TORONTO -- The Twins may never be able to match the spending of the Yankees or Red Sox, but that certainly doesn't mean they won't be competing with them come September.
For manager Ron Gardenhire, the Twins are building a competitor the best way they can -- from within.
"It's not like we really went out and blasted the free-agent market," Gardenhire said. "I think we'll always be one of those clubs that watch what we do and don't get too crazy. I don't think that's ever going to change."
Gardenhire insisted that the key for the Twins has always lied in the recruitment and development of young talent.
"We're still a huge developing team," he said. "There has been a number of times we could have traded all our top prospects to get people, and we just don't.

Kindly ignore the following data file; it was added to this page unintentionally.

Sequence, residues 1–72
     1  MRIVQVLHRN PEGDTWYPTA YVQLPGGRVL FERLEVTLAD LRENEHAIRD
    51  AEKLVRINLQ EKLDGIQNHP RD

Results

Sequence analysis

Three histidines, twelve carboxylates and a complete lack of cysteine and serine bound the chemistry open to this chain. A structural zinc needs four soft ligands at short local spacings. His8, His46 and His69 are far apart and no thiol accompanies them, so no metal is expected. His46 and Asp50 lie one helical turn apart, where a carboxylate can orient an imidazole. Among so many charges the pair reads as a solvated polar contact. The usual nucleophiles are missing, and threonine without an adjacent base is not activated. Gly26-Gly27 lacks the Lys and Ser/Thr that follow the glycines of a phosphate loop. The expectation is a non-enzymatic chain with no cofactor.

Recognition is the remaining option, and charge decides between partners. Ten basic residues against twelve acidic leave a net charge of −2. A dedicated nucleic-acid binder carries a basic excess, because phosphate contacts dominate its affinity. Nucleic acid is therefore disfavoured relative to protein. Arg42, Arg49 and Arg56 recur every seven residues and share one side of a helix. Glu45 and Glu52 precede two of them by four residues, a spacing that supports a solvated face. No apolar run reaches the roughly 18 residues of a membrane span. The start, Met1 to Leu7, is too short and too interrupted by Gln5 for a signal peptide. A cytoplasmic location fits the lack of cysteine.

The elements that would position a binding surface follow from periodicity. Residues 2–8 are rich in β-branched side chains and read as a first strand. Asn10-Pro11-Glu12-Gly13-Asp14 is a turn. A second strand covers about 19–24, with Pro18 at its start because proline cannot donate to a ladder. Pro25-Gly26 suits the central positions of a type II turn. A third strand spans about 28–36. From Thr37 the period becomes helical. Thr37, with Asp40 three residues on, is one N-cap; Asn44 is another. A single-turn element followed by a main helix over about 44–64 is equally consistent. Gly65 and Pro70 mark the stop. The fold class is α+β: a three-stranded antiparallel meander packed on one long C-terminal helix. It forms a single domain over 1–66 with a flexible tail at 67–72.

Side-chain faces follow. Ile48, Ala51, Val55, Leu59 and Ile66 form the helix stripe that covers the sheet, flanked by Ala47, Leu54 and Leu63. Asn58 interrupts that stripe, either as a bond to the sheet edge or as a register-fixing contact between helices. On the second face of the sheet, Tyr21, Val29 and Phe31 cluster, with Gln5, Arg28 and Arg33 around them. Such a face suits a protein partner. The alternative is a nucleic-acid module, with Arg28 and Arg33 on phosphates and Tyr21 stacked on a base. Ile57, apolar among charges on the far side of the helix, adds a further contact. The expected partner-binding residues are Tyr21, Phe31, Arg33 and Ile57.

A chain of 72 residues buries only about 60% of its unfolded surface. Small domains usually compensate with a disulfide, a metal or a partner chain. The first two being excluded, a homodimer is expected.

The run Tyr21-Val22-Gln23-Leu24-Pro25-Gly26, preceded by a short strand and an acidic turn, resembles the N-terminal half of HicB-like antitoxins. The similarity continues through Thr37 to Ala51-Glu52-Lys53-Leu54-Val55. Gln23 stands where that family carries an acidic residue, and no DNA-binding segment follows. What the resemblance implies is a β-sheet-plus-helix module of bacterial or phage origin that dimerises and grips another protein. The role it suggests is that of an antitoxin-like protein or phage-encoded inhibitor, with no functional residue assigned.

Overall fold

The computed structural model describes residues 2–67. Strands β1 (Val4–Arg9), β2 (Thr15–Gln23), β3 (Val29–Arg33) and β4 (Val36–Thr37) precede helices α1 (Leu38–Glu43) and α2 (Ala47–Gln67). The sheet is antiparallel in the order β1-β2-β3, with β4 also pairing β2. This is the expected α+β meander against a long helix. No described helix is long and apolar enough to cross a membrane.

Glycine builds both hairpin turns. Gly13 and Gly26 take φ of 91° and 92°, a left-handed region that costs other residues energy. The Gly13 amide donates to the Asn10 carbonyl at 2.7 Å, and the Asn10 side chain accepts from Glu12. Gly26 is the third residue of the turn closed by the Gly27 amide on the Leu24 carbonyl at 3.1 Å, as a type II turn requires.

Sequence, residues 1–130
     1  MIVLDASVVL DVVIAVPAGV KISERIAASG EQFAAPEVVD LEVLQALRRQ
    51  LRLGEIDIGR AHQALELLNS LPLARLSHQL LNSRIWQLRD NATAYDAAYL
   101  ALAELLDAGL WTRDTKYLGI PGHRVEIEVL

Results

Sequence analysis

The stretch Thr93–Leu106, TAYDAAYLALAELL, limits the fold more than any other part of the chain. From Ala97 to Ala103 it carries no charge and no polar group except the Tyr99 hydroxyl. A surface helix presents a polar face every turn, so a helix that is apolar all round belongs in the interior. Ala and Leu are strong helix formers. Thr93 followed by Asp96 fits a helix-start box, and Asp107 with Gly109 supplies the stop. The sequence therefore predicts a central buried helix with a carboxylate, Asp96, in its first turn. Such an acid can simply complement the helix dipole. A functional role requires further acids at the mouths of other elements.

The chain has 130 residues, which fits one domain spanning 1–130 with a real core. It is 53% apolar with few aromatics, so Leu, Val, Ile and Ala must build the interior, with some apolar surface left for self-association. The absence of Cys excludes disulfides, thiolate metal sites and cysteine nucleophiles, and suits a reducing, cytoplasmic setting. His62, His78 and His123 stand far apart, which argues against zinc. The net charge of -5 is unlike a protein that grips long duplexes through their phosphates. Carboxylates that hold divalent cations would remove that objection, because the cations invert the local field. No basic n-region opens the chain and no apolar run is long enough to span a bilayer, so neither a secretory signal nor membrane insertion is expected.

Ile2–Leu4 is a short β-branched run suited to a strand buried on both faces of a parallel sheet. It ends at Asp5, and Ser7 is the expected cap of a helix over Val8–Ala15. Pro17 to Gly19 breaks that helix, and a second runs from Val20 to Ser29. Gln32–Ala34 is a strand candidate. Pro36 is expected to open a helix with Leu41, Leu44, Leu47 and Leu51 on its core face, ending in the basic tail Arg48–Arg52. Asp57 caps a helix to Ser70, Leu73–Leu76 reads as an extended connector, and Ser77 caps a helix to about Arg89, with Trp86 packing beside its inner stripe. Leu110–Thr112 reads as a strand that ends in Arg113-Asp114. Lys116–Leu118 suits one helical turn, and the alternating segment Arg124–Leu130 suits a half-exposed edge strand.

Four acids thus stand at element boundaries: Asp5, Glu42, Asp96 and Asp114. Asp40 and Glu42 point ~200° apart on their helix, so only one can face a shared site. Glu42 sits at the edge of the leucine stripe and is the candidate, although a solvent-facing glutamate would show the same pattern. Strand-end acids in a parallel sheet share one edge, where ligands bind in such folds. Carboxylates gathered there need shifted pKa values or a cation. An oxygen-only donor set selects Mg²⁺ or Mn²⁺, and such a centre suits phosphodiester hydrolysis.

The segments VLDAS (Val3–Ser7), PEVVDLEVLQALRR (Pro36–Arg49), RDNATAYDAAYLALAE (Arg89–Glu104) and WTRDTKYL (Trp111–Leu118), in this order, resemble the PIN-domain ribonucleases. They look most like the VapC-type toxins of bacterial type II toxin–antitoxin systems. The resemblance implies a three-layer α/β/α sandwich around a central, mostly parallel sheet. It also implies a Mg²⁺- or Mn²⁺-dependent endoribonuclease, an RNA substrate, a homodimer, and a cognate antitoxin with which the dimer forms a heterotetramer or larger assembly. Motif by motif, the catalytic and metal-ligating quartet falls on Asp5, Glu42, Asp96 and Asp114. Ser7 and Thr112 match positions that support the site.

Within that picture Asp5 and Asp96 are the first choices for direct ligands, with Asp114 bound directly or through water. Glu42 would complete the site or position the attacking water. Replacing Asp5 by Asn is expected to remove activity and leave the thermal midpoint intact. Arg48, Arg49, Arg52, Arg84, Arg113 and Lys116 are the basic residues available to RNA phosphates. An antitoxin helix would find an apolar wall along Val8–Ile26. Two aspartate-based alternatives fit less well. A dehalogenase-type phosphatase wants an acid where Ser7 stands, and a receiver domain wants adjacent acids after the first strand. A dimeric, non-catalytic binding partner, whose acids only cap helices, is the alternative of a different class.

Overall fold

"Our strength is our system -- drafting players and developing them with a good Minor League system, and then using those players to help you in the big leagues."
What separates the Twins from other small-market teams who have adopted this "ground up" philosophy is their willingness re-sign talent and maintain clubhouse continuity. Gardenhire stressed how important it is for players to evolve as a group.
"Keeping the guys that we have, that's very important," Gardenhire said. "You get better and stronger as you go along -- when you're able to keep your people, and they can play more and more years together.
"Rather than the Torii Hunters and the [Johan] Santanas that left because we couldn't afford the contracts, we've actually been able to keep our people that we've built here: the [Joe] Mauers, the [Justin] Morneaus, the [Michael] Cuddyers and the [Denard] Spans.